fri 19/04/2024

Mitsuko Uchida, Royal Festival Hall review - conviction and grace | reviews, news & interviews

Mitsuko Uchida, Royal Festival Hall review - conviction and grace

Mitsuko Uchida, Royal Festival Hall review - conviction and grace

Sophisticated and fragile Schubert, delivered with exquisite beauty

Mitsuko Uchida: 'an intensity to her sound, a sense of inner conviction'Decca/Justin Pumfrey

Mitsuko Uchida continues her world tour of Schubert sonatas with two concerts for the home crowd, this the second of her appearances at the Festival Hall.

The tour coincides with Uchida’s 70th birthday, but the years have done little to diminish her technique. And Schubert is an excellent choice, arguably her strongest suit – perhaps a joint first with Mozart – though her many recordings and performances in the past are little preparation for her always unpredictable approach.

Schubert’s piano sonatas make demands on the pianist, both in technique and interpretation, and every player approaches them differently. Melody is everywhere in this music, there’s barely a bar without it, and many pianists will ride the tune, applying lots of pedal for a smooth, lyrical wash of sound. But Uchida is different. Her pedalling is modest and she always focuses on the inner textures as much as the melodies, finding just as much interest and beauty there. She rarely plays loud, yet there is an intensity to her sound, a sense of inner conviction expressed through carefully voiced chords and subtly graded dynamics. And when she reaches a climax, her hands shake as she holds down the keys, more from the effort of expression than the physical demand.

There is a distinctive quality to Uchida’s sound, always apparent from the first note she plays. It’s a combination of that gentle but definite touch and a keen intelligence applied to details of rubato. This recital covered early, middle and late Schubert, and the early sonata that opened, in A Minor, D 537, really benefitted from that sophistication. This is straightforward music, and Uchida allowed the melodies to sing and the conventional chord progressions to progress. But already in the opening phrases there were surprises: nothing here was treated as decoration, with ornaments emphatically delivered, and accompanying runs played with conviction and drive. Yet tempos were steady, and the phrasing tempered the emphatic gestures, often demurring to quiet and introspective cadences.

In Uchida’s hands, the mystical and transcendental qualities all come to the fore

The Sonata in C Major, D 840, the “Relique”, is mature Schubert, and the ideal vehicle for Uchida’s pianism. The simple opening, in octaves, gives us an early taste of the character she will bring to the melodies. The music then grows, but Uchida gives the impression of growing complexity rather than volume, the denser the textures the more haunting her tone. The second movement builds gradually, this time to more emphatic cadences, which structure the otherwise continuous flow of melody. And when the melody transfers to the left hand, Uchida’s right plays ghostly, ethereal chords above – a chilling effect. Schubert’s melodies always have a feeling of inevitability, yet Uchida makes them unpredictable too, even in the many repetitions. The sonata is incomplete, but this slow movement has an eloquent and wholly sufficient coda. Yet Uchida maintains the suspense until the very end, making each interjection sound more final than the last, teasing out a narrative from Schubert’s formal rhetoric.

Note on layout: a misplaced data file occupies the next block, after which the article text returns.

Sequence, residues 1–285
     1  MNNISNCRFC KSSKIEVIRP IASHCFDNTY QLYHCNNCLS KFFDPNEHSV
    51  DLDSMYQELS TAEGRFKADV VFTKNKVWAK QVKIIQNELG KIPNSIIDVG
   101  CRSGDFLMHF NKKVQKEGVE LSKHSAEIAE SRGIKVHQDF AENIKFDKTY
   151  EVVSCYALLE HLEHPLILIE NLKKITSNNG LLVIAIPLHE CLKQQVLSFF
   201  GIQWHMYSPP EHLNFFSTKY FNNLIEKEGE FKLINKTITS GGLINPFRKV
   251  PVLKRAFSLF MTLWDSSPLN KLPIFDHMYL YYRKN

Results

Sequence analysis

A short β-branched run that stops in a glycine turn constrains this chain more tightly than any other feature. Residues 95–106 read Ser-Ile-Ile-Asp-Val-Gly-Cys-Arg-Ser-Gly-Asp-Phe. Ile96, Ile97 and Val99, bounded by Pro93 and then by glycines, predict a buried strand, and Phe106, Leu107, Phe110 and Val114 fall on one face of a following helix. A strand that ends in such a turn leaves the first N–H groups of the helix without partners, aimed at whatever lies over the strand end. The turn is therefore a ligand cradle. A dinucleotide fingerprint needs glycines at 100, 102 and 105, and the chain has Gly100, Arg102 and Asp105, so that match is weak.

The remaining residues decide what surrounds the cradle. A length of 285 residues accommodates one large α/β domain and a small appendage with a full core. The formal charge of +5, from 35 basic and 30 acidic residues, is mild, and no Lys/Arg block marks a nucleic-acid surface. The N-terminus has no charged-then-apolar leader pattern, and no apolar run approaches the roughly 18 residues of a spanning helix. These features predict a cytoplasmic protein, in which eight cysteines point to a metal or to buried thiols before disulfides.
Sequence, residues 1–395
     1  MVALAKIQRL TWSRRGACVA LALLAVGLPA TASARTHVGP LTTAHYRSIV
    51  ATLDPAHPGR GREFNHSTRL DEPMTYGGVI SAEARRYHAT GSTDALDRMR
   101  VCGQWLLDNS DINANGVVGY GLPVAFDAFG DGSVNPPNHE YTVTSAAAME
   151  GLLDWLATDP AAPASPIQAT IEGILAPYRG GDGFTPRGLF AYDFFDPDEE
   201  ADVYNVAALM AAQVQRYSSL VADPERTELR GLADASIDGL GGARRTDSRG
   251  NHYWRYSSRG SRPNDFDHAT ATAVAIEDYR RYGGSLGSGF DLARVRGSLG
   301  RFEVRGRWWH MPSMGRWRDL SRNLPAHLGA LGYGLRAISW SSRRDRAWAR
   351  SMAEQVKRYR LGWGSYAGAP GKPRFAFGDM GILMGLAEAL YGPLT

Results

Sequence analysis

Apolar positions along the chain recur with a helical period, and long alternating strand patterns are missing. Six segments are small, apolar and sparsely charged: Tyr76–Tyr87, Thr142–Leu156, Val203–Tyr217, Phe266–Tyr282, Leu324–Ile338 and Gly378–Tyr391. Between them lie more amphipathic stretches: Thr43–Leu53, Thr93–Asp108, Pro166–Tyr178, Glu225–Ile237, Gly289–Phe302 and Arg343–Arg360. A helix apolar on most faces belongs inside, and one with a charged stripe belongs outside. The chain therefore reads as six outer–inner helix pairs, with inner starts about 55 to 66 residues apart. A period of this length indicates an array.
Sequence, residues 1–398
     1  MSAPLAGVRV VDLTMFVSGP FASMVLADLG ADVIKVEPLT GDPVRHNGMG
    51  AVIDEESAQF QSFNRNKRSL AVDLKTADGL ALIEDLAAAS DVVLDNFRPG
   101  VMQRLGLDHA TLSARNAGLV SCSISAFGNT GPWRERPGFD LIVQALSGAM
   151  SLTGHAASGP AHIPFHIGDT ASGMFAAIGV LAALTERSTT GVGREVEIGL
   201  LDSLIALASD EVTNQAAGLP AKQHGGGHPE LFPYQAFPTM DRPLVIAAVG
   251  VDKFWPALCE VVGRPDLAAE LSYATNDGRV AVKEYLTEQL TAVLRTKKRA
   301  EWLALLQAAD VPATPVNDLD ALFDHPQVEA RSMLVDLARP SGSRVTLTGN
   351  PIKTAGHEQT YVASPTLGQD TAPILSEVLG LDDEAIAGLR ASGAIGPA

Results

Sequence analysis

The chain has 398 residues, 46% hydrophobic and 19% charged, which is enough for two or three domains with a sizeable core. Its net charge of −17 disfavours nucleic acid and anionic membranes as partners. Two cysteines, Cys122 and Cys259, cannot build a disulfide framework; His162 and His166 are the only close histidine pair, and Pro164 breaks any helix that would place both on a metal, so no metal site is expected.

The D 960 Sonata in B flat is one of Schubert’s final works, and late music in every sense. In Uchida’s hands, the mystical and transcendental qualities all come to the fore. It’s a long piece but the concentration and focus that she commits to the performance is easily transmitted to the audience (a capacity crowd at the Festival Hall). All those microscopic changes of tempo and colour made this an infinitely varied performance. One of the defining features of the first movement is a rumbling trill at the very bottom of the keyboard: Uchida played this unevenly, and different every time. The undulating chordal accompaniment was as important in the first movement as the melody itself, though both were of exquisite beauty. In the slow second movement, the melody finally came to the fore, a continuous arc across the entire movement, over subtly graded harmonies. A nimble and lively Scherzo provided welcome contrast, the lightness of Uchida’s touch drawing sparkling sonorities from the RFH Steinway.

The finale is a declamatory conclusion rather than a sentimental farewell. But Uchida finds complexity and paradox here. She plays down the contrasts of tempo and dynamic in the dance-like main theme, emphasising continuity and flow. She had a brief memory lapse in the last few minutes (the whole programme was played from memory), but recovered well, finding an ideal balance in the coda: Schubert’s emphatic conclusion, she seems to say, is hiding a deeper uncertainly. Uchida made sure the inner turmoil continued right up to the final chord.



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